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RE: [greenyes] The environmental impacts of recycling glass
Do the studies and the numbers John cites include the impacts upstream?
The impacts from mining? How far back you stand to look at this issue
impacts the information you get. The reason you do or don't recycle
impacts where you stand.

Helen's point about glass aggregate points to another viewpoint. The
reason the glass she refers to isn't being recycled back into glass is
because it isn't being looked at as a resource but rather as a garbage
to collect off the street. 

You can back up your own opinion easily. 
Seeing another viewpoint is more difficult.

Susan Hubbard
Eureka Recycling
624 Selby Ave.
Saint Paul, MN 55104
651.222.7678
651.221.9831 (fax)
susanh@no.address
www.eurekarecycling.org
 
 
 

-----Original Message-----
From: Helen Spiegelman [mailto:hspie@no.address] 
Sent: Monday, April 14, 2003 9:47 AM
To: greenyes@no.address
Subject: Re: [greenyes] The environmental impacts of recycling glass

Thanks to John Reindl for supplying yet another piece of credible
testimony 
underscoring the limited environmental benefits of recycling glass.

Everyone needs to understand that the environmental benefits quantified 
below apply only when the glass is recycled back into glass. The much
more 
common practice is to "recycle" glass into drainrock/aggregate
substitute 
at construction sites. This "recycling" application represents a
complete 
write-off of all the energy used to transform the sand into glass in the

first place.

Is glass recycling a benefit to the environment or a feel-good exercise
at 
considerable public expense?

Helen.

At 09:05 AM 04/14/2003 -0500, Reindl, John wrote:
>Hi all ~
>
>I have seen various computer models that tally up the environmental
impacts
>of recycling glass. The latest -- and very clearly stated -- is in the
2001
>edition of "Integrated Solid Waste Management: A Life Cycle Inventory",
by
>Forbes McDougall, et. al.
>
>On pages 441-442, Table 22.3 compares about 50 parameters, and I would
be
>glad to copy and either mail or fax the tables to people.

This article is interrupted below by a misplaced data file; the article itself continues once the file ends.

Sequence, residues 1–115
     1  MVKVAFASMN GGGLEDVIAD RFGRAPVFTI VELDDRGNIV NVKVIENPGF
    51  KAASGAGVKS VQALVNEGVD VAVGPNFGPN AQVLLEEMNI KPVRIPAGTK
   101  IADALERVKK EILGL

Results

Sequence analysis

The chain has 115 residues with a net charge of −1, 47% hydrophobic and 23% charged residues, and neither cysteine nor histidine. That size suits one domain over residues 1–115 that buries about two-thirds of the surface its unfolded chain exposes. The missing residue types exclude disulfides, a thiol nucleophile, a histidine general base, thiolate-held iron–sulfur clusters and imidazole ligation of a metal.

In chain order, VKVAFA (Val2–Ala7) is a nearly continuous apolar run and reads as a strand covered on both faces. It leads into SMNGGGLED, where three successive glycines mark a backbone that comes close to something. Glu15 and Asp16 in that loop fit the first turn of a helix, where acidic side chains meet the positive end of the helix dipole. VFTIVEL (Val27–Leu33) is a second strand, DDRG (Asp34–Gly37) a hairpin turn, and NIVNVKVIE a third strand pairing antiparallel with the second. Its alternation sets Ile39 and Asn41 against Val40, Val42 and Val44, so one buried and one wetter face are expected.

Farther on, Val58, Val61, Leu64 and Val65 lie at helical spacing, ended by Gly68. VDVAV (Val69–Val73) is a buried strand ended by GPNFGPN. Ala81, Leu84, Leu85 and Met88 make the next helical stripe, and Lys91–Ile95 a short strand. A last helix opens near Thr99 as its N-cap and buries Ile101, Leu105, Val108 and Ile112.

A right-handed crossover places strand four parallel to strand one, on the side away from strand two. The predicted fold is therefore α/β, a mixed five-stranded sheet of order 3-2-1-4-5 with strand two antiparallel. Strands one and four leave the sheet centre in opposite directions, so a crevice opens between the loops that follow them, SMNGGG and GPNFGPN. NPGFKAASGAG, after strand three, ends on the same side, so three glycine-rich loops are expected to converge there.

>
>Here are some of the data, expressed on a metric ton basis of finished
>product:
>
>    Parameter                    Virgin          Recycled
>
>Engery (GJoules)                14.5                11.04
>
>Carbon dioxide                  145,600            57,000
>
>NOx                             1500                  2880
>
>Suspended solids - water        7760                    796
>
>Chlorides -water                        99,900               8,410
>
>Total organics - water              68.5                      80.7
>
>On the energy issue, a gigajoule is a billion joules and there are 1054
>joules in a BTU. Thus, making a metric ton of glass from recycled
material
>saves about 3.3 million BTUs, or 3 million BTUs per US ton, according
to
>this source. In comparison, according to data in the March/April 1981
issue
>of BioCycle, an article by Jerry Powell puts the savings at 2.95
million
>BTUs a ton, although the article has alternative estimates of 1.3 to
2.5
>million BTUs. In the same article, it is noted that a gallon of
gasoline has
>128,000 BTUs.
>
>The data do not include the impacts of collection, processing or
>transportation, which is included in other sections of the book.
>
>Other LCA models also exist, including one by Argonne National Labs,
which
>looked at the distance to which cullet can be transported before the
energy
>of transportation exceeds the energy savings. If  I can find the data
of
>these other studies, I will let people know.
>
>It should be noted that on a per ton basis, the energy savings from
glass
>are less than the savings from all other products listed in the above
book.
>The book listed above does not evaluate the relative importance of the
>various environmental impacts nor does it look at a possible economic
value
>for the individual impacts, as is done in environmental valuation
studies.
>
>John Reindl, Recycling Manager
>Dane County, WI
>
>
>
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